It was a placement with +Philip North that helped him see how the episcopate is not all remoteness and administration. That experience of working with one of our most dynamic, missional bishops revealed the parish priest side of the role, and this came as a relief. “I hadn’t seen my calling as an episcopal one but some years back I was invited to join the so-called ‘Talent Pool’ process. It involved a number of pre-interviews, including going to Lambeth Palace for the first time in my life. I confess I was sceptical about it. What I can say is that the wide cross-section of people on the course showed common areas and interests we have in the Church of England, such as mission and reversing decline. Spending time with Bishop Philip during that discernment really helped to demonstrate those priorities in action as values we can live out together and hold each other to.”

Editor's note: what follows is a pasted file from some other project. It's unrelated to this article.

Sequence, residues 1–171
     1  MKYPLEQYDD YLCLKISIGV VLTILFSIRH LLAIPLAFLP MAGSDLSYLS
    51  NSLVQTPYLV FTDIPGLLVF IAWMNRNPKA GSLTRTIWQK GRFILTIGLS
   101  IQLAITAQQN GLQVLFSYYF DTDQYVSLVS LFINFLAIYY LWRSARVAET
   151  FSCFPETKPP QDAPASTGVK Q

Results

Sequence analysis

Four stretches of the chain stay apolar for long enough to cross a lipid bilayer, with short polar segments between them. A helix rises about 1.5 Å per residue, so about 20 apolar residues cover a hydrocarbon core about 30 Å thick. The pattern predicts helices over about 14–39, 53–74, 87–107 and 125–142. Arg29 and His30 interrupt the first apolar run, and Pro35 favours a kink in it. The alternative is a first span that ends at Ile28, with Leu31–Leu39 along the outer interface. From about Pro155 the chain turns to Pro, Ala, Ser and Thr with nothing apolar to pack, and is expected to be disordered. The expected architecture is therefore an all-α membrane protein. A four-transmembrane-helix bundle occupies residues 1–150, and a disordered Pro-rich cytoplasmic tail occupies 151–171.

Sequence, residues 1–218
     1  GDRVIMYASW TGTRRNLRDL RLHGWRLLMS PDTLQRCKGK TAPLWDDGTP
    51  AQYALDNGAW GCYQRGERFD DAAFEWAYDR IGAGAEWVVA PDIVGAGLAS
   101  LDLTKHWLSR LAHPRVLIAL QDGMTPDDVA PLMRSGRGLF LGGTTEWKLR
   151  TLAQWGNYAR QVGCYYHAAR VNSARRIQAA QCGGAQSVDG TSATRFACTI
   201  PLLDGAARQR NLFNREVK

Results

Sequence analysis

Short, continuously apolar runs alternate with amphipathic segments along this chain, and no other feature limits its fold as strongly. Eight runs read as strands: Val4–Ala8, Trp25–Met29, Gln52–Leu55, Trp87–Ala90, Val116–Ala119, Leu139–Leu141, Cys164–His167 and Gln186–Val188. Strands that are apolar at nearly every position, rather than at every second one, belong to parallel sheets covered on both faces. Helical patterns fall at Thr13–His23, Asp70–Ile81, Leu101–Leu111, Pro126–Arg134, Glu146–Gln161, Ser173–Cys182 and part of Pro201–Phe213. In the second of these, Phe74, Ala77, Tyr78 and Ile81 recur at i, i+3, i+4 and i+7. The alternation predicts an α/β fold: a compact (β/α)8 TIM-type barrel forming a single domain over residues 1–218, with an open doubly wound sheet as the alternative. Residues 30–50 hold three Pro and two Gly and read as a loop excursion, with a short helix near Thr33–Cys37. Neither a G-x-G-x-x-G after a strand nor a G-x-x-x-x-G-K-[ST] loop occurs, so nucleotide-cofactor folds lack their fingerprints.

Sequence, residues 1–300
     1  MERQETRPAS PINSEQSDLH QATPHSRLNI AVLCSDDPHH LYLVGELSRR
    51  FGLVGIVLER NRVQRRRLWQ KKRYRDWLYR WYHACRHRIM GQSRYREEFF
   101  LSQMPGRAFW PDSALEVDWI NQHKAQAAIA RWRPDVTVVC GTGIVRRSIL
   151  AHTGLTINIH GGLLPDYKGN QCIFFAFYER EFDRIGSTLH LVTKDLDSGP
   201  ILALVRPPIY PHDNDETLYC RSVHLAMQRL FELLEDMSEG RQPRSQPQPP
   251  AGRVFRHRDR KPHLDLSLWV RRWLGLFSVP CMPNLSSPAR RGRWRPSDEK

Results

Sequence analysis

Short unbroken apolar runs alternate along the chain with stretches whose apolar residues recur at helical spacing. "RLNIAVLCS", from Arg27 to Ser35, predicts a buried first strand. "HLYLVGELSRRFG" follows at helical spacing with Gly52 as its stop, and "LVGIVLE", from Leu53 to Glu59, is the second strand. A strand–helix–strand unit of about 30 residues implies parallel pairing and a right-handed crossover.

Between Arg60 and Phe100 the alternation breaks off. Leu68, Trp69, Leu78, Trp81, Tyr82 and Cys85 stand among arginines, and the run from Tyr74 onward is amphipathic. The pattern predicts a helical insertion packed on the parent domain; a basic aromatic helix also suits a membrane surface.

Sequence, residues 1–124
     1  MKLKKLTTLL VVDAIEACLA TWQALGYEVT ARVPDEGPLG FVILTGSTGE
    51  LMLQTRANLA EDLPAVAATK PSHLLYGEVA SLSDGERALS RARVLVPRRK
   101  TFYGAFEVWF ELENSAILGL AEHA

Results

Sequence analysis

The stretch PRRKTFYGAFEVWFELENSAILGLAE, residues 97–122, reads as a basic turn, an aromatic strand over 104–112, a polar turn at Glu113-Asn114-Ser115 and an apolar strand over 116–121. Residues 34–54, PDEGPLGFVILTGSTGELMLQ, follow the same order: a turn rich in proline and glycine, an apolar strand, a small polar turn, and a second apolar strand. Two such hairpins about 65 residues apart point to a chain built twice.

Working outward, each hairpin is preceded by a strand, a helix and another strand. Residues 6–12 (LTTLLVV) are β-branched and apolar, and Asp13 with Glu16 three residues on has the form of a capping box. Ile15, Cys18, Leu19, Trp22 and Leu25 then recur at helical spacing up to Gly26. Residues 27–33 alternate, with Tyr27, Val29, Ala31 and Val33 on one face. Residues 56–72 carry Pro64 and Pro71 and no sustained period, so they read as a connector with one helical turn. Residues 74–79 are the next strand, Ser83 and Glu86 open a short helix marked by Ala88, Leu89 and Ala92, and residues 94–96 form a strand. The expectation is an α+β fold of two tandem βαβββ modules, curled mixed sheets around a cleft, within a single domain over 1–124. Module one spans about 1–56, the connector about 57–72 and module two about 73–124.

Hazlewood comes from a long line of clergy, and through both parents. “I’m the 13th generation in holy orders, and to be at Lambeth Palace with my mother was very special.” His maternal grandfather, Basil Guy, was the Bishop of Gloucester (1962-75) and died when he was young. Although his crosier was bequeathed to the cathedral treasury there, the family has retrieved it for +Will to have back on loan, along with Bishop Guy’s episcopal ring. Another influence was his uncle, John Hazlewood, who became the lively and popular Bishop of Ballarat in Australia. “He was a character. As the Dean of Perth he installed a hydraulic altar and had rock masses. His hippy image even had the police following him to check he wasn’t involved with drugs. From him I have a chasuble and some mitres.” He’s clearly inherited a bit more in terms of family apostolic succession, revealing how his first incumbency at St Margaret’s, Iver Heath, on the outskirts of Slough was close to Pinewood Studios. “We had snow machines inside church at Christmas, and one Easter I arranged for silent fireworks to be rigged up in all the windows to go off at the right moment. It was great fun!”